- Judge Murphy, in the first concurrence, disagreed with Judge Loken’s conclusion that the statute violates the dormant Commerce Clause, but joined the judgment, because she concluded that the statute is preempted by the Federal Power Act.
- Judge Colloton, in the second concurrence, agreed with Judge Murphy that the statute does not violate the dormant clause, but also concurred in the judgment. Judge Colloton concluded that, to the extent that the “statute bans wholesale sales of electric energy in interstate commerce,” it is preempted by the Federal Power Act. However, Judge Colloton wrote separately, because he at least partially disagrees with Judge Murphy (as well as with Judge Loken) and does not believe that the Minnesota statute constitutes a complete ban on wholesale sales of energy that increase CO2 emissions. However, Judge Colloton concluded that, to the extent that the statute is not preempted by the Federal Power Act, it is preempted by the Clean Air Act.
Is that sufficiently clear?
I do feel compelled to add two final notes. First, I don’t understand why Judge Loken wrote the panel opinion, when his rationale did not command a majority. Indeed, as Judge Colloton pointed out, the Court should not even have reached the constitutional issue, since a panel majority existed that was prepared to strike down the Minnesota statute on statutory grounds. (Preemption is considered a statutory, not a constitutional, rationale.)
Second, don’t analogize the electric energy transmission to the flow of water in a pipe, at least before Judge Murphy. Here’s your electricity and magnetism primer for the day, courtesy of the Judge.
"In the electricity transmission system, individual electrons do not actually “flow” in the same sense as water in a pipe. Rather, the electrons oscillate in place, and it is electric energy which is transmitted through the propagation of an electromagnetic wave.
Certainly brought me back to course 8.02 at MIT. Not one of my favorites.
Posted on January 29, 2016
By upholding FERC’s regulatory authority over demand response transactions, the Supreme Court finds FERC is properly regulating wholesale electricity market sales operating in interstate commerce (Federal Energy Regulation Commission vs. Electric Power Supply Association). Associate Justice Scalia’s dissent criticizes the framing of the question. While acknowledging FERC’s regulatory authority over wholesale sales, he notes the statutory framework proscribes regulating other sales or those “not at wholesale,” suggesting a proper focus on whether there is a true sale at wholesale includes reviewing whether the prospective participant is in the business of reselling energy.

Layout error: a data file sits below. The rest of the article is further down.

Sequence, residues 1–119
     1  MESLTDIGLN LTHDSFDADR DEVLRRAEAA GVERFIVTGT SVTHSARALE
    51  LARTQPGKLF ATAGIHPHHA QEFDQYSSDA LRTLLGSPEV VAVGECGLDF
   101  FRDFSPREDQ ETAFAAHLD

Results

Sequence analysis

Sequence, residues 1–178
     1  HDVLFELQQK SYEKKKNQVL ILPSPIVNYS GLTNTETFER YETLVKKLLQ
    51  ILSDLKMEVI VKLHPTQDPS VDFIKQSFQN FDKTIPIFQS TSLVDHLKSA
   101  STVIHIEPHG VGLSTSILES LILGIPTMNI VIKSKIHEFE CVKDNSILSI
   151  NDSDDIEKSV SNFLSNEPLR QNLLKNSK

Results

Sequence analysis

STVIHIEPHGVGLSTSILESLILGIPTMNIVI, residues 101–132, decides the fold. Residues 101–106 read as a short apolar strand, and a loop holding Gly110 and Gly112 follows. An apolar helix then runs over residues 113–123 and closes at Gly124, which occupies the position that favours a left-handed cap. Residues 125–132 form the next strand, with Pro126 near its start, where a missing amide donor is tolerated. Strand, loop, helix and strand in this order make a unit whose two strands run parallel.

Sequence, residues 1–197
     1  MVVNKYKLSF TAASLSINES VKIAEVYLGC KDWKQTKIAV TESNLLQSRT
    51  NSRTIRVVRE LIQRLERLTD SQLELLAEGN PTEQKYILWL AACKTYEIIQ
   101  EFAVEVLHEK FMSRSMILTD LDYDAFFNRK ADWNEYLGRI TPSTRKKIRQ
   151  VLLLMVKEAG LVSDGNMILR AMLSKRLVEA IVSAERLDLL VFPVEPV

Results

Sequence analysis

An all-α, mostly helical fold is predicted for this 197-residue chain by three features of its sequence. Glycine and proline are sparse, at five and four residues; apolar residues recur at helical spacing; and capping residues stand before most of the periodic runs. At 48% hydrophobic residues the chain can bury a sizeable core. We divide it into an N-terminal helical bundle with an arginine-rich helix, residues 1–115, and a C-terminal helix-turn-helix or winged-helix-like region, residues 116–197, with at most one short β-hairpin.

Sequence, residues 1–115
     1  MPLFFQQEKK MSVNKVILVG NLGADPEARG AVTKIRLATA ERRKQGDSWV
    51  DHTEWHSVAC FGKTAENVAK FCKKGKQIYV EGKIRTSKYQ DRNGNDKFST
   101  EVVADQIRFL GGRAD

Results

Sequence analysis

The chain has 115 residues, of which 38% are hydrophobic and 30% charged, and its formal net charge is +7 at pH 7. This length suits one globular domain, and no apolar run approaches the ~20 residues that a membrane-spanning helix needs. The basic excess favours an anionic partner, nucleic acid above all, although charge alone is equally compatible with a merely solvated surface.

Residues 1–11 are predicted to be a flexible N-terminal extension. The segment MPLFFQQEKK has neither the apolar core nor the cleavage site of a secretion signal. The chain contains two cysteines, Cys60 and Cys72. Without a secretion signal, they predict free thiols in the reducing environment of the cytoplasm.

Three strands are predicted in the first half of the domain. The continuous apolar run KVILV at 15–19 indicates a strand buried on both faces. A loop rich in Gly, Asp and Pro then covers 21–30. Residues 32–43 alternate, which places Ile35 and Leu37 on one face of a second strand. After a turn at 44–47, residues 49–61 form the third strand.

Besides the regulatory impact and effect on the markets, Justice Kagan’s majority opinion sends waves by its impact on energy use or non-use. As in peak periods it may be more efficient and easier to pay consumers for non-use versus paying generators to increase production, wholesale market operators developed demand response programs that pay consumers not to use available power. Non-use has the complementary benefits of being less taxing on a grid and results in fewer emissions. Thus, the reviewed and supported programs were viewed as resulting from market forces balancing supply and demand of wholesale electricity, which programs serve to improve competitiveness (may “drive down” generator bids), provide more efficient grid use, result in greater grid reliability, and, produce fewer emissions.
Additional parts of the opinion discuss: (i) the method and formula for compensating demand response payments similarly to those to suppliers, with an added review of whether resulting payment for the demand response is indeed cost beneficial; and (ii) whether the technical order was properly supported by “reasoned judgment” and “intelligibly explained,” and thus, not subject to being set aside as arbitrary and capricious.